Friday, February 24, 2012

From Video Mishaps to Hong Kong, Open Plan Offices, and Text Messaging Legal Woes

I had hoped to have a post today about the parade in Taiwan I mentioned here. However, I am having some bizarre problems creating the video. It looks completely fine in the edited preview, but in the final version some sections get stuck rapidly alternating between just a few frames. Other sections are fine, though. I will give it a whirl again this weekend. If all goes well I will put up the post on Monday. Otherwise, maybe I can just add some techno music to the video, and it will go viral.

For now I will do something I have not done in a while -- a quick review of some random links I had been holding onto for potential deeper commentary. Since I may never get to them, here are a few in no particular order (previous post of assorted links here):

1. I have previously discussed (herehere, here, and here) the barriers mainland Chinese face visiting Macau and Hong Kong. Bo Gu of NBC News describes her own first visit to Hong Kong. Her story about how she obtained the necessary permit highlights both some of the challenges in obtaining a permit and provides a taste of how "official processes" can work in China.

2. An article by Julian Treasure on The Sound Agency website discusses research indicating that open plan offices can hurt work productivity, even when they have been designed in the hope they can promote "creative thinking and better problem solving". I have not yet had a chance to review the original research papers, so I do not want to comment specifically. I will just say that what is reported is consistent with other cognitive psychology research I have conducted/reviewed in the past.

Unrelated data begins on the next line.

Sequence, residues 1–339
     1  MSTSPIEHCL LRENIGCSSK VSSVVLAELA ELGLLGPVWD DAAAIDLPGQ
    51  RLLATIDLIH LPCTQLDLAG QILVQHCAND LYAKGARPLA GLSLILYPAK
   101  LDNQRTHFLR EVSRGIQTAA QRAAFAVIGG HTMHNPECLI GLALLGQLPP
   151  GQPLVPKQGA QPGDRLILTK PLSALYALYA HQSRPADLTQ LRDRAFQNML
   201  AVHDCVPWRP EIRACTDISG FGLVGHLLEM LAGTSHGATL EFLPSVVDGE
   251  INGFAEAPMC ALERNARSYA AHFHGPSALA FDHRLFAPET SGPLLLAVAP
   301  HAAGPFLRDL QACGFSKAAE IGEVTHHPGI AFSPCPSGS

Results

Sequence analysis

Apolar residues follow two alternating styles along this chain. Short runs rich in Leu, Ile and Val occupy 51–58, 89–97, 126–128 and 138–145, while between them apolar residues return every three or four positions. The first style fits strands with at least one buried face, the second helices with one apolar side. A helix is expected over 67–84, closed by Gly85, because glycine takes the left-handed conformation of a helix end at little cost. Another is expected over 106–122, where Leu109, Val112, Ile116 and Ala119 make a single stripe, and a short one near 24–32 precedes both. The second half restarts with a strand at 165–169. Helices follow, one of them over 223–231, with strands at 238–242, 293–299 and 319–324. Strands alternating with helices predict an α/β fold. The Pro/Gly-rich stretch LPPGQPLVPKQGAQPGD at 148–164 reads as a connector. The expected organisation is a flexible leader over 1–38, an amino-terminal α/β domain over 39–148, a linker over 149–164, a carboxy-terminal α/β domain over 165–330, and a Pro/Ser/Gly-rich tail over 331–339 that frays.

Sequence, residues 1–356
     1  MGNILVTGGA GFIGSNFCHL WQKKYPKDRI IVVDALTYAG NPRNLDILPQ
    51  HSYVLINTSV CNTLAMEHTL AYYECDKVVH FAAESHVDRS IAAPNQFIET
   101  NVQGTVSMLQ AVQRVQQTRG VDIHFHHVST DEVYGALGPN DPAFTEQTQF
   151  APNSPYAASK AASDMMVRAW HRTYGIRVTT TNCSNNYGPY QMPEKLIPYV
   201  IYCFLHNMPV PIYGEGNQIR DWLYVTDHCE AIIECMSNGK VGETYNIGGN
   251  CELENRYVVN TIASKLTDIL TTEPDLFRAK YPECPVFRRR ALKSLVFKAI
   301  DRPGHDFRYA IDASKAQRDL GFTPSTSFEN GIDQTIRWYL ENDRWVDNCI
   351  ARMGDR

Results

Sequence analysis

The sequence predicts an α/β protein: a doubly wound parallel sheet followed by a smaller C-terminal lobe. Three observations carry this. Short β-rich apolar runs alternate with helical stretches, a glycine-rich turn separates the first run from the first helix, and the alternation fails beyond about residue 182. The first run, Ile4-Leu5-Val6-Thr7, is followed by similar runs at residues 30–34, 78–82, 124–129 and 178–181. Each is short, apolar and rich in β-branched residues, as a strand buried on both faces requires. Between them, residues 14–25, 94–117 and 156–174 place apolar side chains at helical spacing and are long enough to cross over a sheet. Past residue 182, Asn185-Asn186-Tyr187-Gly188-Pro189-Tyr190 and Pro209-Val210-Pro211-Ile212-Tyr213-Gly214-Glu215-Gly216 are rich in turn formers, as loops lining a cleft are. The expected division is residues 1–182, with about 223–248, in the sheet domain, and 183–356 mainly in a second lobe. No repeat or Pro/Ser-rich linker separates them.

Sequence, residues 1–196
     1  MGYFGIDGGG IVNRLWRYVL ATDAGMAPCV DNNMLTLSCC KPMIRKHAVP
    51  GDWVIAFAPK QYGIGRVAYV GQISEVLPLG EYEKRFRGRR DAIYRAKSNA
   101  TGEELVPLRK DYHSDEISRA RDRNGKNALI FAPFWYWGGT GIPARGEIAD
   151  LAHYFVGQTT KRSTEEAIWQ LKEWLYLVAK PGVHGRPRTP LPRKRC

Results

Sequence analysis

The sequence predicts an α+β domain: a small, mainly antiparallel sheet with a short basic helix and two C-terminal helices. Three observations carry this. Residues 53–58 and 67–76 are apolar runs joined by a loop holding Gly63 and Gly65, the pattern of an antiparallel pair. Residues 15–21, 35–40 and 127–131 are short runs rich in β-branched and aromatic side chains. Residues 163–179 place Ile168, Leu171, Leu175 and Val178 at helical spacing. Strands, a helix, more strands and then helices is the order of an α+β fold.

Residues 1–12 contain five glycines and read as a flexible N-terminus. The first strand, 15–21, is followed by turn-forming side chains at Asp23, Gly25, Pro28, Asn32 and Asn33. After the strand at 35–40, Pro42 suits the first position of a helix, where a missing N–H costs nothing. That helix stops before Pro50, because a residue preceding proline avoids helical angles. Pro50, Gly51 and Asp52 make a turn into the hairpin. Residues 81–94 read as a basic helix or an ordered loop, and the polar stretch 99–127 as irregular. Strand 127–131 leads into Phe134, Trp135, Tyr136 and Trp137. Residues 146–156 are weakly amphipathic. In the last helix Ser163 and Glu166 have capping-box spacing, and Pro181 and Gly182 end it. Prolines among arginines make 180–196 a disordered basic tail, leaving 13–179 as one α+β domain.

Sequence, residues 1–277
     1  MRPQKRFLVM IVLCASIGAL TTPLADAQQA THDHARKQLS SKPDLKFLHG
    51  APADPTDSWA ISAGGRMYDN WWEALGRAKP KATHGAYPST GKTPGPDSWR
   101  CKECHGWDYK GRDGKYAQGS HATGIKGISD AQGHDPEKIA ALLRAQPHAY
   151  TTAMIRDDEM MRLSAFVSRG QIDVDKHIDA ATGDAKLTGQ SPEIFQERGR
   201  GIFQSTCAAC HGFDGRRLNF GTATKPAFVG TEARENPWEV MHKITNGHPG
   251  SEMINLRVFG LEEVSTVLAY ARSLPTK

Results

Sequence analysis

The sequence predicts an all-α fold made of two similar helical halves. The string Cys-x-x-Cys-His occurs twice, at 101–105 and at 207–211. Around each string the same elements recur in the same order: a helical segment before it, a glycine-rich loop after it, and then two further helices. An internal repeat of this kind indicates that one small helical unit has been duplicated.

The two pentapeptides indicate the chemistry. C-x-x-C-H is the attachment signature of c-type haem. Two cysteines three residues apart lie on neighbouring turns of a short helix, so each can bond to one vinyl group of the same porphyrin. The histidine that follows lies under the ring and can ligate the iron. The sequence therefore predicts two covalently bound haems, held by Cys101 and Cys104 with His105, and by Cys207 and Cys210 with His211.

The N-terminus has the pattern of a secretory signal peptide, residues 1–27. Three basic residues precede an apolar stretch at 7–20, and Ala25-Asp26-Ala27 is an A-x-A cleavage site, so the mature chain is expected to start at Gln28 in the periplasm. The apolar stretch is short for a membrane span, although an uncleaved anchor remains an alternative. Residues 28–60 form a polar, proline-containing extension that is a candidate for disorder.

3. A Reuters article by Patricia Reaney warns:
Couples who may be heading for a nasty break-up should be careful about texting because it could end up as evidence against them in divorce court.
I appreciate the concern from a legal perspective, but it strikes me as somewhat ironic. I am no relationship expert, but it would seem to be that if one wants to save a marriage that reducing lines of communication may not be in a couple's best interest. Also, the advice to not put anything in writing seems easy to follow -- just speak your thoughts. However, sometimes people are better able to express themselves through written means (and sometimes very specific forms of writing). I have conducted research that... well, I cannot share details so I will just say that I think there may be some opportunities for innovations here. And they will not necessarily only apply to troubled couples.

That is all for the links. Now hopefully I can sort out the video problem.

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